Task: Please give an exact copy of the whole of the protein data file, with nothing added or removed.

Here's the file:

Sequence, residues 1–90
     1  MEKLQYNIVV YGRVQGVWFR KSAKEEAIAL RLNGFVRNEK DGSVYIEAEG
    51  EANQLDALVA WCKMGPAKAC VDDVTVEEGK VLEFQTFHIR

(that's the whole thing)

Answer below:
Sequence, residues 1–90
     1  MEKLQYNIVV YGRVQGVWFR KSAKEEAIAL RLNGFVRNEK DGSVYIEAEG
    51  EANQLDALVA WCKMGPAKAC VDDVTVEEGK VLEFQTFHIR